No. 135: MAY-JUN 2001
Nevertheless, intergalactic magnetic fields do exist. Furthermore, they are just as strong as the magnetic fields measured in the ponderously swirling, star-rich galaxies. Given the great volume of intergalactic space, we cannot ignore these apparently sourceless magnetic fields. Because, as astrophysicist S.A. Colgate observes:
These magnetic fields are the dominant free energy of the universe.
If so much energy pervades intergalactic space, it is there that we may find of the source of those perplexing high-energy cosmic rays mentioned in the preceding item.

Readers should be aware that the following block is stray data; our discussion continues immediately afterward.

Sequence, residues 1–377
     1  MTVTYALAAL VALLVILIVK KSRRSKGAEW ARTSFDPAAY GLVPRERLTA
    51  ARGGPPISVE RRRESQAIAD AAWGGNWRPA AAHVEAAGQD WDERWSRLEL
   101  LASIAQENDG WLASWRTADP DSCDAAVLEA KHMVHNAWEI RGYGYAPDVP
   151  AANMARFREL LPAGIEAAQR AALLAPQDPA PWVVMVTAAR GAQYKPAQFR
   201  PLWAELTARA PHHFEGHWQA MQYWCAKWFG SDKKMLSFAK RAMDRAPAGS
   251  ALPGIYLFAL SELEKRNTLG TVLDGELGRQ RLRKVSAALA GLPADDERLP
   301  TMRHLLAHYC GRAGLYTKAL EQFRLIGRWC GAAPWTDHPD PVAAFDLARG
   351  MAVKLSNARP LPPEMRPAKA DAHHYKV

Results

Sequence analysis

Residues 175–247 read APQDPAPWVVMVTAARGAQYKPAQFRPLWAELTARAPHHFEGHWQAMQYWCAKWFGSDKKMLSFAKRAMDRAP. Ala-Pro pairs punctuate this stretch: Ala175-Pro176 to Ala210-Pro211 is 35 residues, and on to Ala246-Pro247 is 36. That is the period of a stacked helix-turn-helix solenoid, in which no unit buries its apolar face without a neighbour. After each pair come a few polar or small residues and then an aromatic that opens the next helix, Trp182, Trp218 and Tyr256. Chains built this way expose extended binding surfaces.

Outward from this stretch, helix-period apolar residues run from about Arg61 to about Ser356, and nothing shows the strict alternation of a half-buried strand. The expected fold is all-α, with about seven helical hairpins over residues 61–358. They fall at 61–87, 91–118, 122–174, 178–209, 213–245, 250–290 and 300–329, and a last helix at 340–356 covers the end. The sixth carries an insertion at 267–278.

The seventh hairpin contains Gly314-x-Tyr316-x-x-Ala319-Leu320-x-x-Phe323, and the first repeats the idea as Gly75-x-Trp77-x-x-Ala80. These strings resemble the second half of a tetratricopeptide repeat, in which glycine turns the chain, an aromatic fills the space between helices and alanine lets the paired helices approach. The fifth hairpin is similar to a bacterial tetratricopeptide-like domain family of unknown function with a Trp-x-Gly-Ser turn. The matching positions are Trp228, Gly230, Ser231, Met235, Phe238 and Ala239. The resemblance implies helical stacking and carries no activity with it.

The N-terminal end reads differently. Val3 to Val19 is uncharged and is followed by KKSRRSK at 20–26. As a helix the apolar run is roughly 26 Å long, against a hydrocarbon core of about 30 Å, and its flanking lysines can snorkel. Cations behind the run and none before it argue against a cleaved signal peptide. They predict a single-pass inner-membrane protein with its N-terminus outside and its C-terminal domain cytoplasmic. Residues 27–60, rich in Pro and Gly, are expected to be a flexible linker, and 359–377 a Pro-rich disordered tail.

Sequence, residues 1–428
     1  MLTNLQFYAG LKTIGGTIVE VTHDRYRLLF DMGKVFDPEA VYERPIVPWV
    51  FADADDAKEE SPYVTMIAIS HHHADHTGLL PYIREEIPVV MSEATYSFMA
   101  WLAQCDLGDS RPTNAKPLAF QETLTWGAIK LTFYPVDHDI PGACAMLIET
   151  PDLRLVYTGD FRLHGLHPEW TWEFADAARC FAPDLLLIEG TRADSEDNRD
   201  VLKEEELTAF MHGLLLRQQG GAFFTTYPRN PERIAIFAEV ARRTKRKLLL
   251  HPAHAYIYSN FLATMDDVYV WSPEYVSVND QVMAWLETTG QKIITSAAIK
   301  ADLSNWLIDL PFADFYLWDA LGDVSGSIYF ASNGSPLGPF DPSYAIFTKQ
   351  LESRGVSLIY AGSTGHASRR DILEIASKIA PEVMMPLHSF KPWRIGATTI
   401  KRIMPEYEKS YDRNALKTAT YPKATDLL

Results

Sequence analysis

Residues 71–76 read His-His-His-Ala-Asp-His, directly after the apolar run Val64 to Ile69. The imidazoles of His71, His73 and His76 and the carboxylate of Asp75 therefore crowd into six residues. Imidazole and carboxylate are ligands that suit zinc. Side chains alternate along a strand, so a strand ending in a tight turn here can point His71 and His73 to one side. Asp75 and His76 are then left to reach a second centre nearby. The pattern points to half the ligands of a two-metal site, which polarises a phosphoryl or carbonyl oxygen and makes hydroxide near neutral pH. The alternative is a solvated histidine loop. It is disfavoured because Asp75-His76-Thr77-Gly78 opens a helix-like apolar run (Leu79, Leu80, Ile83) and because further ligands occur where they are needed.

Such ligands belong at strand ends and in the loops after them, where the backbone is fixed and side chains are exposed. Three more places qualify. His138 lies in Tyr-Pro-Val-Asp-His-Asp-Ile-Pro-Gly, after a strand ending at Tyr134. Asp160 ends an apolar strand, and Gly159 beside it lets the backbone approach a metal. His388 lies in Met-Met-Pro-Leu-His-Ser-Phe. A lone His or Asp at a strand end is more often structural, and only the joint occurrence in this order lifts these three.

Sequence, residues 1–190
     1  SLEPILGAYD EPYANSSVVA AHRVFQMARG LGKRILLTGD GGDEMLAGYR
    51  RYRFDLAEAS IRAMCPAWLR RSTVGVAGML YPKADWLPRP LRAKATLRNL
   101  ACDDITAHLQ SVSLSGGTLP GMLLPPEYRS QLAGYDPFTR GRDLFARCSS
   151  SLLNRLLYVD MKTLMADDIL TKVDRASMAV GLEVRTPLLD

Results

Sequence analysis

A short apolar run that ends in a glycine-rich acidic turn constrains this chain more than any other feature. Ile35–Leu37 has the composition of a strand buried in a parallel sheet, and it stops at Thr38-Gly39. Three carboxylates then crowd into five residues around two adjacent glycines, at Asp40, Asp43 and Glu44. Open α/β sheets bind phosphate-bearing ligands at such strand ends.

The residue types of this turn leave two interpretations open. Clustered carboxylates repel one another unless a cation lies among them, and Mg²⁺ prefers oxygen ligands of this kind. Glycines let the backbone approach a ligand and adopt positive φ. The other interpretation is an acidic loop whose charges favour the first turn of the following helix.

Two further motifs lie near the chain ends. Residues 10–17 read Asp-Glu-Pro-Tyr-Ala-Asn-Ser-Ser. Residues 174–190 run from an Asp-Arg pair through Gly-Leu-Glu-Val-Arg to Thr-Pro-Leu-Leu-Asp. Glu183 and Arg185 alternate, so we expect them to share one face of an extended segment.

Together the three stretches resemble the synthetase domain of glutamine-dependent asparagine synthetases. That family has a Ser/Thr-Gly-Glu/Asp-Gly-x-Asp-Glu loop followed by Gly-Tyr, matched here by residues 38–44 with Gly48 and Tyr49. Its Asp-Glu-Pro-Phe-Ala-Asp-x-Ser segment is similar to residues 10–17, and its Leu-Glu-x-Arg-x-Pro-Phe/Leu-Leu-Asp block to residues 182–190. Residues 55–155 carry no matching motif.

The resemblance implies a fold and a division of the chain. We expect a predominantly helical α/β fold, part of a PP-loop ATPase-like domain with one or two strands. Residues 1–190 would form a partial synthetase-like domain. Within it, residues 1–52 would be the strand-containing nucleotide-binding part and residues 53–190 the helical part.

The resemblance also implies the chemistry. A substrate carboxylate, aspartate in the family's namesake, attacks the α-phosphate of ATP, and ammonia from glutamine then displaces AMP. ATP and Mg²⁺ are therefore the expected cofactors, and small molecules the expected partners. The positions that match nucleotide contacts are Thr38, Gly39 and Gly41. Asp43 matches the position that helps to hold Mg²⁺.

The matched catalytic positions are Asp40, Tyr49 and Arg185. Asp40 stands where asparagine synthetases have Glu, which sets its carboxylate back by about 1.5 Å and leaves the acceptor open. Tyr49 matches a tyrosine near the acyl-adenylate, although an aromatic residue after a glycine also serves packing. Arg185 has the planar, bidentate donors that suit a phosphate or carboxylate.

(Musser, George; "Magnetic Anomalies," Scientific American, 283 :22 , August 2000.)
Comment. Imagine that! Cosmic rays of incomprehensible energy emanating from a region where resides the dominant free energy of the universe. And yet, we see nothing there in our telescopes. Future science is going to be littered with the fragments of smashed paradigms.
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